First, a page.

P.S. Just one block over, you can also visit Napoleon's tomb, at the Hotel des Invalides.

2. The Palace of Versailles

OK, technically, this isn't part of Paris. It's a suburb about 10 miles away. But if you're a sucker for mind-boggling opulence (and who isn't?), this is simply a must.

Truth be told, you could spend an entire weekend exploring the gardens alone, never mind the palace. The grounds literally stretch as far as the eye can see. It's not difficult to picture Marie Antoinette wandering through the maze of manicured trees, feeling quite pleased with herself.

Why, hello, royal gardens.
It's hard to summarize the exhausting amount of beauty found here. Acres and acres of flowers, topiaries, statues, fountains, and pools. And that's just the outside.

The Palace of Versailles, where you can tour
the astonishingly ornate palace and gardens.
Inside the palace - which comprises nearly 722,000 square feet of space (!!!) - you can tour of a good number of rooms, including the chapel where Marie Antoinette and King Louis XVI were married, the famous (and beautiful) Hall of Mirrors, and the bedchambers of Marie Antoinette. You can even see the door through which she'd escaped the angry mob in 1789.

Hall of Mirrors
at the Palace of Versailles.
The cool thing about this place is that everything here is French, literally. The entire palace and garden were built and designed by artisans, sculptors, architects, and gardeners who hailed from France, using only materials that came from France.

Honestly, you really, really, have to see it all to believe it. 

No, really, eat the snails.
Enjoying escargot at Cafe Limonade.

3. Parisian Cafès

Obviously, I cannot write this blog post in good faith without a few words on food. Heavenly, decadent, mouth-watering French food. Think escargot, fresh bread, cheese, and wine.

Paris is the sort of place where you can walk into nearly any non-descript neighborhood market and emerge armed with warm, crusty bread, a wheel of cheese, and a bottle of wine.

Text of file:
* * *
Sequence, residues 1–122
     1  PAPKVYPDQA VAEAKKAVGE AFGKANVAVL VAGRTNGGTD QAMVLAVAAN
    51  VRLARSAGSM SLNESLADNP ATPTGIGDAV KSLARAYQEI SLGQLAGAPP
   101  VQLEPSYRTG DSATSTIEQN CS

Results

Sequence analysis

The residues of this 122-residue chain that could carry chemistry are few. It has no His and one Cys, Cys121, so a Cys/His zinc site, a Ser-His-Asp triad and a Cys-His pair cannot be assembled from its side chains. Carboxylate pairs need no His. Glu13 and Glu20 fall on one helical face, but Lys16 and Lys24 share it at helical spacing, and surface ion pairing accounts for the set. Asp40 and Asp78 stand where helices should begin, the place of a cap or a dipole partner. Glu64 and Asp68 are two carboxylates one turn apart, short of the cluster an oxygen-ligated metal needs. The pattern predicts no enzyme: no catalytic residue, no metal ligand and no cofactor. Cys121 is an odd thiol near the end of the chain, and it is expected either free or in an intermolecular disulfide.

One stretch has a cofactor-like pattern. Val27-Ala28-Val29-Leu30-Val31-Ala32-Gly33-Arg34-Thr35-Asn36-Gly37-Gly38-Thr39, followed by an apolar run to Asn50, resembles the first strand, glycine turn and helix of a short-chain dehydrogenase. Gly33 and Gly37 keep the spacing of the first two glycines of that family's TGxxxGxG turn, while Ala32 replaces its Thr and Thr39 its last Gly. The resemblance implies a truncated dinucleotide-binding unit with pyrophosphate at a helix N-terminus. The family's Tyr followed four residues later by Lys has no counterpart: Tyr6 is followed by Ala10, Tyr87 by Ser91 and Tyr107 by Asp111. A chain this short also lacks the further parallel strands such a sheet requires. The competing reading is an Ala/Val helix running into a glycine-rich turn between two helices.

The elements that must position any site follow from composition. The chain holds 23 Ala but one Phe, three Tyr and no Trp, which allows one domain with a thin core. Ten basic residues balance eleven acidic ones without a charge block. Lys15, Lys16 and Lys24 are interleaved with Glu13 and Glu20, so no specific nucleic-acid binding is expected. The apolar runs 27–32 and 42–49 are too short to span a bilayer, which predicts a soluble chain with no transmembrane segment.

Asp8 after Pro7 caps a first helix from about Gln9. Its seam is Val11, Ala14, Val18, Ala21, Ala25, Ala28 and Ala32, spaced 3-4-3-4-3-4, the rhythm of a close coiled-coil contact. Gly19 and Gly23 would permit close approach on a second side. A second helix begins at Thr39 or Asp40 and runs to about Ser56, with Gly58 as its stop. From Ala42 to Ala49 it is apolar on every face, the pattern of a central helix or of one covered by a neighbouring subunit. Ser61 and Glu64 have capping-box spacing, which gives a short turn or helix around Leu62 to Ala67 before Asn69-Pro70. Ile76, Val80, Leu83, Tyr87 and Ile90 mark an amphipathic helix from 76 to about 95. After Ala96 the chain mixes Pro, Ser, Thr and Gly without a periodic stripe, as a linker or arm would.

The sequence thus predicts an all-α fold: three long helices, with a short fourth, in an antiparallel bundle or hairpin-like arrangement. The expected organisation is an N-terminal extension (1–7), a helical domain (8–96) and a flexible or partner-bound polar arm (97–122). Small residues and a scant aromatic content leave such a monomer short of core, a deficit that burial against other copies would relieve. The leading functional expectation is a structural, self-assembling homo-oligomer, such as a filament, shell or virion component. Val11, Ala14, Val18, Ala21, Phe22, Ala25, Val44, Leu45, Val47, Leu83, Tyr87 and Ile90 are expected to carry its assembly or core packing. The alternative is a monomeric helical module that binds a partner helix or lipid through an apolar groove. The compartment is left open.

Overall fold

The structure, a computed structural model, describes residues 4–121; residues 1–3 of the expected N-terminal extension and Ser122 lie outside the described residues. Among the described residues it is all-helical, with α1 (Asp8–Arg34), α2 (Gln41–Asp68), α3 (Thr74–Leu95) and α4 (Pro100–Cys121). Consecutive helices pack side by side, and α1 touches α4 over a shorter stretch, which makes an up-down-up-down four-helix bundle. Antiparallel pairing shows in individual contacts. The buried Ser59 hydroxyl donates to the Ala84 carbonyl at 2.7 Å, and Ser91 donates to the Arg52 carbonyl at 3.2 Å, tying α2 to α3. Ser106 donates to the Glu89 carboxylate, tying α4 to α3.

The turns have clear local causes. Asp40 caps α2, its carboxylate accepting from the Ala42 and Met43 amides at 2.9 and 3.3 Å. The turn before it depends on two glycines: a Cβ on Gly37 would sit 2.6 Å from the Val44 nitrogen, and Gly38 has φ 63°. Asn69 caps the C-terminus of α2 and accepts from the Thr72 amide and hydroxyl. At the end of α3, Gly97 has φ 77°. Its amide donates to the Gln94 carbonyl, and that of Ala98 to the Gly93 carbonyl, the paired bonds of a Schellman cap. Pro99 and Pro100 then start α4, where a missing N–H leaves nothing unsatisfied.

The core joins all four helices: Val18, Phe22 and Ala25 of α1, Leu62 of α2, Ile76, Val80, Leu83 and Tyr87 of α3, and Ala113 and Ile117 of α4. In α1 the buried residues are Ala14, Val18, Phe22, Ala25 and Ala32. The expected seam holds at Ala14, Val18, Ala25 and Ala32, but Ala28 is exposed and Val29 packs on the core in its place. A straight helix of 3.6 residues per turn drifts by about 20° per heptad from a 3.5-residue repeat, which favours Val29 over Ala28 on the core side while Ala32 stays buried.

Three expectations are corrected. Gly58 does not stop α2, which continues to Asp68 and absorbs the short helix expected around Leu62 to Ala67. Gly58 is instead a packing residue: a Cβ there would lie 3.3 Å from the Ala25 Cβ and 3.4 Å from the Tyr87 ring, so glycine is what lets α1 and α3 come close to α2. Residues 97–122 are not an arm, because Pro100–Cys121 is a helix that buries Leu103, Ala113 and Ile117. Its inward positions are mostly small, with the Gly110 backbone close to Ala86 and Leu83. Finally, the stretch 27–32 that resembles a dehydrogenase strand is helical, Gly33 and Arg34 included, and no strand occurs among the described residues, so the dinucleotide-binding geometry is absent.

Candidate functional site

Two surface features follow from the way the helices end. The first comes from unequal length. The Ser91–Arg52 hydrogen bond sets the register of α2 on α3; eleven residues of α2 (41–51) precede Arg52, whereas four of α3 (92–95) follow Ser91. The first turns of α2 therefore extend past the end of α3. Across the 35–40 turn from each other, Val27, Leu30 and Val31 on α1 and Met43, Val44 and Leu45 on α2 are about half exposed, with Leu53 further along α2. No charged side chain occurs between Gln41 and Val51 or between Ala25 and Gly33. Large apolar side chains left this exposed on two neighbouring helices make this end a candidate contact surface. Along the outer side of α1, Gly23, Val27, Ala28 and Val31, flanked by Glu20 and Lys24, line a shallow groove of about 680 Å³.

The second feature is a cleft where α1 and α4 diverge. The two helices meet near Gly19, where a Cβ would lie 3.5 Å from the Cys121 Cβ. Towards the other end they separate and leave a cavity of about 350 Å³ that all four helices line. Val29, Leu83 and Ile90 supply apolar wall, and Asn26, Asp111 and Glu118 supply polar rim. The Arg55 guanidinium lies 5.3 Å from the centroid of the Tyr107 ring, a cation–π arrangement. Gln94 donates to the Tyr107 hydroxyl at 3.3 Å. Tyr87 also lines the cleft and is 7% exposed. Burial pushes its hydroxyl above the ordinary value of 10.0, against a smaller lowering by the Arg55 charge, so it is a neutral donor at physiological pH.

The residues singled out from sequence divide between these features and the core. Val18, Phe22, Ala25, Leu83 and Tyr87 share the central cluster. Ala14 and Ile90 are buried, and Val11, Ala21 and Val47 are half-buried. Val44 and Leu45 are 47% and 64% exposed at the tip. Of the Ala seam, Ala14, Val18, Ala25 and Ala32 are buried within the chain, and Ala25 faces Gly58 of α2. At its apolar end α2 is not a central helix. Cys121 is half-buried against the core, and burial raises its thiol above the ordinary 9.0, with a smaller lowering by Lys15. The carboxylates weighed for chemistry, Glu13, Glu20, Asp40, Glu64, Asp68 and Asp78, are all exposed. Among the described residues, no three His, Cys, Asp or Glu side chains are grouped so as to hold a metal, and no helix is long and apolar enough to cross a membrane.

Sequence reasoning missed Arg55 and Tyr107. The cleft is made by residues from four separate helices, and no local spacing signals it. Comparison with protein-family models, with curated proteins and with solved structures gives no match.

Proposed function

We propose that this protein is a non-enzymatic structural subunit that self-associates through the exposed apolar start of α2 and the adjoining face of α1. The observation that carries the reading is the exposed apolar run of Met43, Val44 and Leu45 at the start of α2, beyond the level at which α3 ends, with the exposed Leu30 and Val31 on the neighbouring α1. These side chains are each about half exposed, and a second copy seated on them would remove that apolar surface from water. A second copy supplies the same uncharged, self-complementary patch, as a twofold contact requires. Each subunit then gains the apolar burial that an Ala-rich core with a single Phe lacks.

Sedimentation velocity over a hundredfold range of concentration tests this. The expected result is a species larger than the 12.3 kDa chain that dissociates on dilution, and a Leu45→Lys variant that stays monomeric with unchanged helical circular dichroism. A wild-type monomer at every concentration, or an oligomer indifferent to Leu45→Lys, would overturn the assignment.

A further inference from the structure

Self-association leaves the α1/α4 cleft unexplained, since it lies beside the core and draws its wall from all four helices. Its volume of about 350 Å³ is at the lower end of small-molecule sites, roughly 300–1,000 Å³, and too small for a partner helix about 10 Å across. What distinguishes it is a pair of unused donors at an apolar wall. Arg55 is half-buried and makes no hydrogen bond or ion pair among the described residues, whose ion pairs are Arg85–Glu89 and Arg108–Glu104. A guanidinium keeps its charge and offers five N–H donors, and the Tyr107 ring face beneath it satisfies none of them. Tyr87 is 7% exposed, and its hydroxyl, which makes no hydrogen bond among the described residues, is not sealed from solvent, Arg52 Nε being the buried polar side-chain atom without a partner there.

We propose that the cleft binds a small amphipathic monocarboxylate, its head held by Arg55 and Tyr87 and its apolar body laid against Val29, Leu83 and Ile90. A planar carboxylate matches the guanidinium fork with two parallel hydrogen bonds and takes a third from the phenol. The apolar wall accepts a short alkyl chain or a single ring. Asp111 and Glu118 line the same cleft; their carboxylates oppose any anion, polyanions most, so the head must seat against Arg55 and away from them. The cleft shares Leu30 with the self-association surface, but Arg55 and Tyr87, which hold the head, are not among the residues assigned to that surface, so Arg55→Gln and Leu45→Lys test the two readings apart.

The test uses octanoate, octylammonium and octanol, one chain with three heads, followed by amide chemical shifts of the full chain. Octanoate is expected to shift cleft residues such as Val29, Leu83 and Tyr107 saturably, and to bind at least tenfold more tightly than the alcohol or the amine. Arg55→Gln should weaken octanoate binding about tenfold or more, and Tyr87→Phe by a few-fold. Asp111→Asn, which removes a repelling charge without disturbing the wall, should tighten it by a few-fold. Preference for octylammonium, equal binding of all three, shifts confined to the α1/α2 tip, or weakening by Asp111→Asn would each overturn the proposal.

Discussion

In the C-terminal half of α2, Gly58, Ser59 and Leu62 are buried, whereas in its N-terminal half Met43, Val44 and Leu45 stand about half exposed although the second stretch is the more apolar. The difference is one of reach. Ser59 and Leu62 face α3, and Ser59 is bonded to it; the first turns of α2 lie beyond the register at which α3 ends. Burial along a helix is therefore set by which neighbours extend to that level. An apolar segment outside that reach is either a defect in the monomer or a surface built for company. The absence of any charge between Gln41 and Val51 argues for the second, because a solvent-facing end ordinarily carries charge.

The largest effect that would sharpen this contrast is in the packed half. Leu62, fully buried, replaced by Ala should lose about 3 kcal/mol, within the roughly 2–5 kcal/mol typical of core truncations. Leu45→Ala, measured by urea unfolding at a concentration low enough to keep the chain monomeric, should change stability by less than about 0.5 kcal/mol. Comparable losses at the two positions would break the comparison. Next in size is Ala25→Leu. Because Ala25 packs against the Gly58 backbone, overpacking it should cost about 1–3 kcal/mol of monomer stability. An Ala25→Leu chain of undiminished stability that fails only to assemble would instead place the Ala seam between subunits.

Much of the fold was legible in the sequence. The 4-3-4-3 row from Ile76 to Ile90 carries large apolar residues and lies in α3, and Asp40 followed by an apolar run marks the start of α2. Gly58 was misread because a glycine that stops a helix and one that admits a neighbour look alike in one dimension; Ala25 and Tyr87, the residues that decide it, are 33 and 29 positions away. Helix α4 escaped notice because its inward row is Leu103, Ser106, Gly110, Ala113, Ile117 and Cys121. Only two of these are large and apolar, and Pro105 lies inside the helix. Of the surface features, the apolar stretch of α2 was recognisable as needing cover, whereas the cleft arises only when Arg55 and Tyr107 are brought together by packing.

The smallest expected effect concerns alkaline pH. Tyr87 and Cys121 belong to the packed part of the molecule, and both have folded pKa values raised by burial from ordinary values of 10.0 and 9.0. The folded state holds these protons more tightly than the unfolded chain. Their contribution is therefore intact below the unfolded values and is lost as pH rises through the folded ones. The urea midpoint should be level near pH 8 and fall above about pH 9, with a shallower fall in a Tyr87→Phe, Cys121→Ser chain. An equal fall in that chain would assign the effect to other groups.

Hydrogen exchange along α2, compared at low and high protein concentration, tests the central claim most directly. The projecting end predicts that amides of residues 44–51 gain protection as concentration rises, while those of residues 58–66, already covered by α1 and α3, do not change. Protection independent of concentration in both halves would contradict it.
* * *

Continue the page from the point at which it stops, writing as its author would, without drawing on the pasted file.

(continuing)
Or, perhaps even better, stroll into any of the innumerable cafès that line the city streets, take a seat amongst the open-air tables, and enjoy an impromptu meal of divine delicacies along with some good old-fashioned people-watching.

These newlyweds drove right past the cafe
where we were sitting, to many delighted oohs and aahs.
For example, within hours of landing in Paris, we happily wandered the streets, coming upon a beautiful monument (the Porte Saint-Denis) just as it began to rain. Luckily, the monument stands right in front of one of Paris' many cozy cafès.

Our jovial server, Dominic,
at Petit Pot Saint Denis.
This particular cafè, the Petit Pot Saint Denis, offered us the perfect place to gather ourselves after a long flight. Looking for nothing more than a quiet, low-key place to chat and unwind with some wine, we were doted on by our extremely friendly server, Dominic.

He not only chose a great Cabernet for us (a bottle of Chateau Bacchus), but also presented us with a plate of fresh French bread and camembert cheese on the house!

Voila! A perfect way to start our trip.

1 comment:

  1. Omg! So fun! Versailles is amazing. Can't wait to go back. Sacreblue!